Michael Dell Talks Data Management, Cloud Before Investor Conference

 
 
By Scott Ferguson  |  Posted 2011-06-28
 
 
 

AUSTIN, Texas-While some in the IT industry may still think of Dell as a low-cost PC maker, CEO Michael Dell remains on a mission to change those perceptions. In a free-flowing conversation the day before his company's annual investor and financial investor conference here, Dell on June 28 held forth on a numbers of subjects, including cloud computing and data management, and how his namesake company plans to compete.

Since his return as CEO a number of years ago, Michael Dell has fought to change his company. When he first returned to the helm, Dell focused on PC design and other smaller issues, such as offering more technology to small businesses. Since then, Dell has been pushing his company not only as an IT innovator, but also as the type of technology provider that can compete against the likes of IBM, Hewlett-Packard and Oracle when it comes to offering a wide range of services.

One area that Dell has focused heavily on in just the past year is cloud computing. However, Dell sees the company not only growing as a vendor that offers cloud technology, but also as a business that can offer a complete solution for the complex problems that IT managers face.

"We're focusing a lot on data integration," Dell said during a conversation with analysts here. "You have these very complex ideas of running a cloud application with a legacy application or running two cloud applications together. How do you handle the integration of those types of applications?"

For Dell, the idea of storage is to move away from the traditional model and into new areas where companies like his actually manage the data itself. This is part of the reason the company has invested heavily in storage acquisitions such as EqualLogic and more recently Compellent. During other meetings, Dell executives spoke about the concept of "fluid data," where stored information moves seamlessly through different platforms on different systems and even from physical to virtual environments.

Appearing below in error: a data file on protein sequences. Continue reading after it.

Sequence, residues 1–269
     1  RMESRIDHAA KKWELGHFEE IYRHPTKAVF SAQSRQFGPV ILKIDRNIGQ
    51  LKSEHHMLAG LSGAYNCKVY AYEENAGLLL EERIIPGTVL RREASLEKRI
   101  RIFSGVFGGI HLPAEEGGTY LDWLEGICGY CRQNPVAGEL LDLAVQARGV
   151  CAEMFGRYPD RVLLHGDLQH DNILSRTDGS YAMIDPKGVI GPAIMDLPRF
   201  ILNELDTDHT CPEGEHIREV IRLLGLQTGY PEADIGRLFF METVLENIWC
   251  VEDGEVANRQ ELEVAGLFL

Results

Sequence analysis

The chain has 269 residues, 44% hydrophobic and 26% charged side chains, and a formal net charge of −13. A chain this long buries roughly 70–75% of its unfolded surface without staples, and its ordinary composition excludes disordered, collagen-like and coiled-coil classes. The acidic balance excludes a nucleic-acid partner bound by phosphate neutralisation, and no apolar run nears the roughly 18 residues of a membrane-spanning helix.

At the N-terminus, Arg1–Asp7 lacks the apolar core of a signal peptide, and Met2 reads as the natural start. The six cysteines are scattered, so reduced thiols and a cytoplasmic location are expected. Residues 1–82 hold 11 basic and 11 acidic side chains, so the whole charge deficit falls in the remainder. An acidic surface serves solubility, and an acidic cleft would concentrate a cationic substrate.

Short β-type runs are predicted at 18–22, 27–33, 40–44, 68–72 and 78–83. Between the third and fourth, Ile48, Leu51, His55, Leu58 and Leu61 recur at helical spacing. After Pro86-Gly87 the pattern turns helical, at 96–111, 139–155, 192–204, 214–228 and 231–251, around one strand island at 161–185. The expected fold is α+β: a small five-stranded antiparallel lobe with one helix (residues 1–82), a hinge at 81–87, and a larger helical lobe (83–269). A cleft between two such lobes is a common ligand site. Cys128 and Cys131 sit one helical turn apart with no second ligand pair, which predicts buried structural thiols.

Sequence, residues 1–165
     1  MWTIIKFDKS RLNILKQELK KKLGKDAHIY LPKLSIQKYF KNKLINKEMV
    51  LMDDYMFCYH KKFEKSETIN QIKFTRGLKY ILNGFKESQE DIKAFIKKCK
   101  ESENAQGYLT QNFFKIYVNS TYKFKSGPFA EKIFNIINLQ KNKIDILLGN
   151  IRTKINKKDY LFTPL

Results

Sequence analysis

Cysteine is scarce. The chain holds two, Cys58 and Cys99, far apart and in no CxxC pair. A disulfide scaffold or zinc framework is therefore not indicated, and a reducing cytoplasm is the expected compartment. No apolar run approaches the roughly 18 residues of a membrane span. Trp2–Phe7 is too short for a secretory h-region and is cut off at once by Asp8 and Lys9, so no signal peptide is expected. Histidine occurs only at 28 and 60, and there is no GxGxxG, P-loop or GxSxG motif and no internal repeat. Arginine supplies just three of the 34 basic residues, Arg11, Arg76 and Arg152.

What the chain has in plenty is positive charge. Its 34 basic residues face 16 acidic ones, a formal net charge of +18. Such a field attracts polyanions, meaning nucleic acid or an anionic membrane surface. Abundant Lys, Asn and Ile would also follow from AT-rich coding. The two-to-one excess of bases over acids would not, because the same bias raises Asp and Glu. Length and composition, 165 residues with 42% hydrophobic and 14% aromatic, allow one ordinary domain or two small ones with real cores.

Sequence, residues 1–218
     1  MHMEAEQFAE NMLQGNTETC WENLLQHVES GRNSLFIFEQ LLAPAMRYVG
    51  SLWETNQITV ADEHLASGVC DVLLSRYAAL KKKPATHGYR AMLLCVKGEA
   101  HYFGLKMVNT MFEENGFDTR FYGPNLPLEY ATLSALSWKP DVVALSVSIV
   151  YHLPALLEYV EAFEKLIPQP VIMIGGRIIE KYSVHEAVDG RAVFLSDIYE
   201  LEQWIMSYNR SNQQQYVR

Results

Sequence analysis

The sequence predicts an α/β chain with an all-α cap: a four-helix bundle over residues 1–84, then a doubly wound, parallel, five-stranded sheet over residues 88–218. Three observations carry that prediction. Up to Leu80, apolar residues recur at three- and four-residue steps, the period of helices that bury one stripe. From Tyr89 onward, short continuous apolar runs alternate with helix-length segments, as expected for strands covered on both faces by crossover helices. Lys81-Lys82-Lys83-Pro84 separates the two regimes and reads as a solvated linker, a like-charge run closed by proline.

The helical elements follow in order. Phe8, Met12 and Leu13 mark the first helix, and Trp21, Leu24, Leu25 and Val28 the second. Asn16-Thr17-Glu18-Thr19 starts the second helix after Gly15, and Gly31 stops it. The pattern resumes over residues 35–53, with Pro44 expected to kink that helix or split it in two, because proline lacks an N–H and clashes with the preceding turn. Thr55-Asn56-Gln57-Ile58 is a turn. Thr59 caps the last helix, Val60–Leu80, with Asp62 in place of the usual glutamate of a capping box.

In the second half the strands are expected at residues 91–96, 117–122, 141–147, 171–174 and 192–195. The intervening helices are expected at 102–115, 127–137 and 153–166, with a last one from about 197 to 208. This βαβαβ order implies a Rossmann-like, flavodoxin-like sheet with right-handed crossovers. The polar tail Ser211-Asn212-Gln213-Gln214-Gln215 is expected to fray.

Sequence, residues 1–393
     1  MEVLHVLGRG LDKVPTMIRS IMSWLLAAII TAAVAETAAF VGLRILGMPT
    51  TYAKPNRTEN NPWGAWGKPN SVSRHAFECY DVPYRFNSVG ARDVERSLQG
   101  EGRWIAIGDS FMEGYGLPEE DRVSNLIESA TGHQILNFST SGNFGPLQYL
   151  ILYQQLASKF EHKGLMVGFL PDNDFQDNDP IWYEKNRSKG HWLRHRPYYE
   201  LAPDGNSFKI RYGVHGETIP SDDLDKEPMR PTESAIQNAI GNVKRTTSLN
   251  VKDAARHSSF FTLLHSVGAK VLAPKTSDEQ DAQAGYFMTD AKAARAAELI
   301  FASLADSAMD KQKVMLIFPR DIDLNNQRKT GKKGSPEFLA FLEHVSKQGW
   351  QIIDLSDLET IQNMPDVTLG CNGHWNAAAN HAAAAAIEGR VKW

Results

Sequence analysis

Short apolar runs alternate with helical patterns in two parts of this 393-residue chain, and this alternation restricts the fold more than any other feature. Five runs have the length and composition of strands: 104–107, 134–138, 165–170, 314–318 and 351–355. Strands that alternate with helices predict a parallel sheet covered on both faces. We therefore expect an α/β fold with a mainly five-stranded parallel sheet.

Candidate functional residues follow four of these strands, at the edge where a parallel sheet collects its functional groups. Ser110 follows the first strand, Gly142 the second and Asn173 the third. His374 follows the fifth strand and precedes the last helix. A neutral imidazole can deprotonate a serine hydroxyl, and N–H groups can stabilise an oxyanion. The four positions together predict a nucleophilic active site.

In order to achieve these goals, Dell is willing to invest in additional acquisitions, but Michael Dell declined to comment on anything specific. However, analysts believe the company is looking to buy a networking company, possibly Brocade or a small, privately held firm. Again, Dell declined to comment on a Brocade acquisition.

For now, Dell has agreements with Brocade and Juniper Networks, as well as its own line of networking products. However, Michael Dell said the switch to the more powerful 10 Gigabit Ethernet would shake up the industry.

As for the types of customers that are looking to invest in these types of integrated stacks of storage, networking and servers, Dell is not necessarily focused on large enterprise customers. Instead, executives placed a lot of emphasis on how the technology is focused on midmarket customers that have an IT staff, but not IT workers with specific skills sets. Dell is essentially looking to create "out-of-the-box" technology that nearly any IT administrator can use.

Dell is also looking to invest much more in mobility. While the company has offered its own version of a tablet-the Android-based Streak-Michael Dell indicated the company is not simply interested in producing another device. The idea, which follows his overall company strategy, is to offer more to customers than just smartphones and tablets, and it clearly has Dell's enterprise customers in mind.

"We are very much focused on that business and offering a total solution to customers, not just devices," said Dell. "We're looking to offer systems management, application development, security and other types of integration."

Michael Dell also talked about the growing presence of ARM chips in the market. While these processors have helped accelerate the growth of tablets and smartphones, several ARM makers are also working to offer chips for servers. Dell said he welcomes the competition within a market dominated by x86 processor makers such as Advanced Micro Devices and Intel.

"I think that right now ARM chips can perform some basic tasks and they are going to get more and more powerful, and I think the x86 guys are going to fight back and fight back hard," said Dell.

 


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